Working together with the government, Dr Yuwana commended the government’s effort and support in channelling funds to HIV and sexually transmitted infections (STI) prevention programmes. Furthermore, free antiretroviral therapy is available in government clinics and hospitals.
Dr Yuwana added that the government is working closely with SACS to raise public awareness on HIV and AIDS, with more focus on the importance of having a test.
“SACS goes into communities where government agencies could not. As the key affected population is usually afraid to come out, we go in to raise awareness, get them tested and help refer them to clinics for further testing and treatment,” she said.
“Thanks to celebration-worthy advances in medicine, HIV is far from the death sentence it used to be. Treatment can even get the virus down to undetectable levels in people’s blood. In addition to being manageable, there’s another key thing to keep in mind: HIV is preventable, too.”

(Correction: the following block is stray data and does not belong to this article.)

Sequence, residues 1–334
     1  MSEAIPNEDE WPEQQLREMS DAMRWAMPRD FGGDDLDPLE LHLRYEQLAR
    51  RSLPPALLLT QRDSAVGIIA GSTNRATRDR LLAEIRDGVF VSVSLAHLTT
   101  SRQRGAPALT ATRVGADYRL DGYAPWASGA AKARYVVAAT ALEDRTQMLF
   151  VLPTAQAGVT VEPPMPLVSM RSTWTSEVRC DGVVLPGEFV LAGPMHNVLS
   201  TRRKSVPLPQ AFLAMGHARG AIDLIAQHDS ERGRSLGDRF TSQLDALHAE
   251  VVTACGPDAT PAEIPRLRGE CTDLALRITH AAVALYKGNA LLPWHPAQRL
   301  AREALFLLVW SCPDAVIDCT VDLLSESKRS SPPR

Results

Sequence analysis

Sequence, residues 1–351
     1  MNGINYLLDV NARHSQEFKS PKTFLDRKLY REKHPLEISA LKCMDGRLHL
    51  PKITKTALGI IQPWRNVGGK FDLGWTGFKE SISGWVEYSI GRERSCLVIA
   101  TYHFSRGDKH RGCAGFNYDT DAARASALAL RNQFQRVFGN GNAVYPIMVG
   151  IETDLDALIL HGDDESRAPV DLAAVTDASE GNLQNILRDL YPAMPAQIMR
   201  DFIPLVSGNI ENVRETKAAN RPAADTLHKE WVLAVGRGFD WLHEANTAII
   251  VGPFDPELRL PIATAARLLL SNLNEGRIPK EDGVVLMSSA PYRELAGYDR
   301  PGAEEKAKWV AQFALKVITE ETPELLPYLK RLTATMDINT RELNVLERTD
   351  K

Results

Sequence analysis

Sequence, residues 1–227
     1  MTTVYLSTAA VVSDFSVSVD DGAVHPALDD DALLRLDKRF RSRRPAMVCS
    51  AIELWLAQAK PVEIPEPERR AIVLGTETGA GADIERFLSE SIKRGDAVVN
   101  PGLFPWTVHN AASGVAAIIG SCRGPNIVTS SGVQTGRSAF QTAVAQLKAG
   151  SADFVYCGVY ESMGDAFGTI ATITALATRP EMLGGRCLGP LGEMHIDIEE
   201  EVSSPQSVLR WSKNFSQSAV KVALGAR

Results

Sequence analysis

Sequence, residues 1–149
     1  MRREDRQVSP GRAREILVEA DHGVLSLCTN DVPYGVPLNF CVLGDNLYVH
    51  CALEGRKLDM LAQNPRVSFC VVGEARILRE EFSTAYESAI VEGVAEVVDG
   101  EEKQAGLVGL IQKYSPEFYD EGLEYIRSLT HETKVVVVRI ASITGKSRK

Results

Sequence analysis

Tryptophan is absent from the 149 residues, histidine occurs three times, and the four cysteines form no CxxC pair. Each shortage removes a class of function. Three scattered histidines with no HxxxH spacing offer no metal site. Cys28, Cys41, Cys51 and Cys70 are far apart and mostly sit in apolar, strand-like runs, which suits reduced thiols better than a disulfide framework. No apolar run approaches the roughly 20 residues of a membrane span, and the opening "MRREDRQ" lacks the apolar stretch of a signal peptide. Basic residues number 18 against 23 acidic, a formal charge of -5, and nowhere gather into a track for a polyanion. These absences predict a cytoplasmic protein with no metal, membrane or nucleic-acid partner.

However, negative perception and stigmatisation are still strong within the community. Therefore, Dr Yuwana hopes the public would understand the need for change.
“Stigmatisation and discrimination have compounded our efforts in helping PLHIV who need care and support. Due to negative public views, many of PLHIV self-stigmatise, causing some to doubt their self-worth and even afraid to seek treatment.”
SACS, a non-governmental organisation (NGO) was formed on May 19, 1998, and has since conduct advocacy work specifically related to HIV/AIDS in Sarawak.
Its mission is to disseminate information on the prevention of HIV/AIDS to the general public and key affected population; to educate the public about the facts and myths regarding HIV/AIDS, to reduce stigma and discrimination associated with HIV/AIDS and to provide peer support to people and families living with HIV/AIDS and protect their rights.